There is support for the contention of Mr. Dissanayake in thejudgment of Shaw, A. C. J. and in the observations made bySchneider, A. J. in Rewata Unnanse v. Ratnajothi Unnanse (3) Thatwas a case where the plaintiff alleging that he was the senior pupil ofMedankara Unnanse, the late incumbent of the Pusulpitiya Vihare suedthe defendant, a co-pupil of his, for a declaration that he is entitled tothe incumbency of the Vihare and to reside therein. The defendantpleaded, inter alia, that the said Medankara Unnanse by "testament"dated 22nd March 1899 had appointed him as his successor to theincumbency. It is to be noted that the "testament" was not admitted toprobate. Shaw, A. C. J. held that—
"The appointment of the defendant by the late incumbent as hissuccessor by the document of 22nd March 1899 is conclusive in
his favourIt is true that it is called a testament by the maker
and purports to transfer the temple property after the maker's deathto the defendant. In view of the provisions of the BuddhistTemporalities Ordinance 1905 it would be inoperative for thispurpose. Whatever the document may be called by the maker it is ineffect the exercise by deed of a power of appointment vested in themaker and it having been made with the requisite formalities of adeed it is in my opinion a sufficient exercise of the power although itmay have been made somewhat in the form of a will and has notbeen admitted to probate." (The emphasis is mine)
In a separate judgment there appears the following obiter dicta ofSchneider, A. J.:
"I regard this instrument as only a pure act of appointment ornomination or selection to the succession to the incumbency. In thisview the instrument may be in any form. As at present advised theact of appointment may be done even by word of mouth. It need notbe in writing. This instrument therefore operated to confer on thedefendant the right to succeed to his tutor although he was only ajunior pupil".
I wish to add that the above decision was considered and cited withapproval by Maartensz, A. J. in Gunananda v. Deepalankara (4).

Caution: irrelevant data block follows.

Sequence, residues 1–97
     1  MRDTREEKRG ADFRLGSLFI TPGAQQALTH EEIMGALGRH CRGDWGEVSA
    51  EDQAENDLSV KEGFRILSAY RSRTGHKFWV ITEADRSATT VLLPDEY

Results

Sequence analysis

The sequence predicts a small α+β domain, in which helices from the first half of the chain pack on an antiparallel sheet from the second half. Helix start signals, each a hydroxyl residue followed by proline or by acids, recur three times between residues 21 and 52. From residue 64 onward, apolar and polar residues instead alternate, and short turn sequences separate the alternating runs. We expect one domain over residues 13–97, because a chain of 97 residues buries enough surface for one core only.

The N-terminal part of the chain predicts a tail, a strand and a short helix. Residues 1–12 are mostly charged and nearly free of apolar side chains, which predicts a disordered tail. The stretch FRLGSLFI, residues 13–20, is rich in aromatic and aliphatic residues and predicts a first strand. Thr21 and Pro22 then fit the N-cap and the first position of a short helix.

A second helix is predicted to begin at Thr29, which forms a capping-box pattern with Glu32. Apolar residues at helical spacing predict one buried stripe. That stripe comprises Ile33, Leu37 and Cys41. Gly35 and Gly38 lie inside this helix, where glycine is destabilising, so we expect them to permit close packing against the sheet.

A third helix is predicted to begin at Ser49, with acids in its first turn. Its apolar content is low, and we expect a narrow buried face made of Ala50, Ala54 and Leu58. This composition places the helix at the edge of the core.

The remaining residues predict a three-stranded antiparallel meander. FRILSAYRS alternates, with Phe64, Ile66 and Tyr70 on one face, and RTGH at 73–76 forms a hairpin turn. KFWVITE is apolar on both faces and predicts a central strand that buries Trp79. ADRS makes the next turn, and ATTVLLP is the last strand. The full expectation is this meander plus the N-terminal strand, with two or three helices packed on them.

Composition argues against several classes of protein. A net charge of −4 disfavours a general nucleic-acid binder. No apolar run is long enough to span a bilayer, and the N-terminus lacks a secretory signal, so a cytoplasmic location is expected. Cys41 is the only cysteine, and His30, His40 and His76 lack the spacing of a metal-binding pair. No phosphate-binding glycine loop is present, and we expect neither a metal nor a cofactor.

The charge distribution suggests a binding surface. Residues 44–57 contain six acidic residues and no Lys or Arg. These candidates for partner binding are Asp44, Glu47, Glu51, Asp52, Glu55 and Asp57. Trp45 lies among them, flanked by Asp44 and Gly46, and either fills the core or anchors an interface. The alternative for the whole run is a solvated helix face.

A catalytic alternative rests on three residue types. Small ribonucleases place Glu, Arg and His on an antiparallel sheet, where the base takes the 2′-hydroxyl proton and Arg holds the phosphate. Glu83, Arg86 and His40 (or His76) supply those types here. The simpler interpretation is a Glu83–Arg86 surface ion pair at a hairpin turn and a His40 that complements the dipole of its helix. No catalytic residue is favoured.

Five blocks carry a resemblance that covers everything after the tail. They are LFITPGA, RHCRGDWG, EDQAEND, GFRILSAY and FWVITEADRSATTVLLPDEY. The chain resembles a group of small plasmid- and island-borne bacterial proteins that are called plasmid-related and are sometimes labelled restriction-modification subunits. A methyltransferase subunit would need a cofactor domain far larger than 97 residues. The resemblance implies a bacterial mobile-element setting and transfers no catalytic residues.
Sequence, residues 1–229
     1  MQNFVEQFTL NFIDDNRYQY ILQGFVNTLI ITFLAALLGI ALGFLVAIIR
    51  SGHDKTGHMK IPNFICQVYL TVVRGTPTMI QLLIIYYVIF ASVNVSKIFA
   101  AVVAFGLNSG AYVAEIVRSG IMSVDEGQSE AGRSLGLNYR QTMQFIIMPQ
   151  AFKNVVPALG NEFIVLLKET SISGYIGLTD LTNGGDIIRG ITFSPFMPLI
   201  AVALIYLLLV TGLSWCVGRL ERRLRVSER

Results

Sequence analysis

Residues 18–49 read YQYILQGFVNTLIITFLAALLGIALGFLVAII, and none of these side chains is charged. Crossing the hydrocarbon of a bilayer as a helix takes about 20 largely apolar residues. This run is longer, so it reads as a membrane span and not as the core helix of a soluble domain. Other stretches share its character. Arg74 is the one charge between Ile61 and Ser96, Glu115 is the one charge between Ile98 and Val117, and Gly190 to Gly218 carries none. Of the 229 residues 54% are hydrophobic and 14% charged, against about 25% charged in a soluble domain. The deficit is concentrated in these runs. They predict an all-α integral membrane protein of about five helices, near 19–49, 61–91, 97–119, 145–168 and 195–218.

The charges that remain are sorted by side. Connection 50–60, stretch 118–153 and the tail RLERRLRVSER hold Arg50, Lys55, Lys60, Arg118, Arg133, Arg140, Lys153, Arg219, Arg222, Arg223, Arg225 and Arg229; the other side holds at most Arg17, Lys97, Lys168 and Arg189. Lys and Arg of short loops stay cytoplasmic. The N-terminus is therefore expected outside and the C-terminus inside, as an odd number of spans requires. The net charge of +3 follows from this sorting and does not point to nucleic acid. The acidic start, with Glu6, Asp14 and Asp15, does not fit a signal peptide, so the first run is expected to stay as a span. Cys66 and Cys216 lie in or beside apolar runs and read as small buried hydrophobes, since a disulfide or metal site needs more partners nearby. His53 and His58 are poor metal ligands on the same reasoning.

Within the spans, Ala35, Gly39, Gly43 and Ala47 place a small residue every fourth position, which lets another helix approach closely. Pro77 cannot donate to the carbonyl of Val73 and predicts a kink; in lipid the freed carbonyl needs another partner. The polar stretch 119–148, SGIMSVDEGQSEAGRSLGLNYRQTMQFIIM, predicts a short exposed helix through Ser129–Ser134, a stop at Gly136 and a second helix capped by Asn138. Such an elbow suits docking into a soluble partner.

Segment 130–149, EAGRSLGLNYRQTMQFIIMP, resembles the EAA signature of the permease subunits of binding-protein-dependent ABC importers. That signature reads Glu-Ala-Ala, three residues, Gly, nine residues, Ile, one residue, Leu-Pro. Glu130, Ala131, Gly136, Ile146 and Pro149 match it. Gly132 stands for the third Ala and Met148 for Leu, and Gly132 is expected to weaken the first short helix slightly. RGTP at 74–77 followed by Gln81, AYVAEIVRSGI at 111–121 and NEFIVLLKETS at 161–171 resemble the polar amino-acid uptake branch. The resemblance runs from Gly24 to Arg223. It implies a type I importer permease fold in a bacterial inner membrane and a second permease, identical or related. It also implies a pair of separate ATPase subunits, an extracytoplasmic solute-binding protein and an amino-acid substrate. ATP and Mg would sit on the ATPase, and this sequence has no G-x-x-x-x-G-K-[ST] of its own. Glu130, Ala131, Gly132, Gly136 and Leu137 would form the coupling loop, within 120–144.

In considering the proper approach that a court should adopt inrelation to a matter such as this, it may not be inappropriate-to remindourselves of the observations of Basnayake, C. J. in DhammavisuddhiThero et al v. Dhammadassi (5):
"The secular courts when dealing with problems affecting theSangha should view them against the background of the Vinaya andshould be cautious in applying to the Sangha the rules that governrelations and transactions between laymen".
While it is correct that "nothing but the probate… or other
proof tantamount thereto of the admission of the will in the ProbateDivision is legal evidence of the will" (Williams on Executors andAdministrators, 14th Ed., Vol.l, page 53), yet the appellant in thepresent case is not seeking to rely on 2D1 as a-testamentarydisposition of the temporalities, but purely as a writing which isevidence of an appointment or a nomination or a selection of aViharadhipathi. In this view of the matter, I hold that the provisions ofsection 9 of the Prevention of Frauds Ordinance are not applicable andthat 2D1 is admissible in evidence subject, of course, to the "writing"being duly proved to the satisfaction of the court.
I accordingly set aside the order of the District Judge dated 6thNovember 1981 and direct that the record be returned forthwith tothe District Court for the continuation of the proceedings. In all thecircumstances I make no order as to costs of appeal.
GOONEWARDENA, J. – I agree.
Case sent back for trial to be continued.
RATANAJOTHI THERO v. SOMARATHANA THERO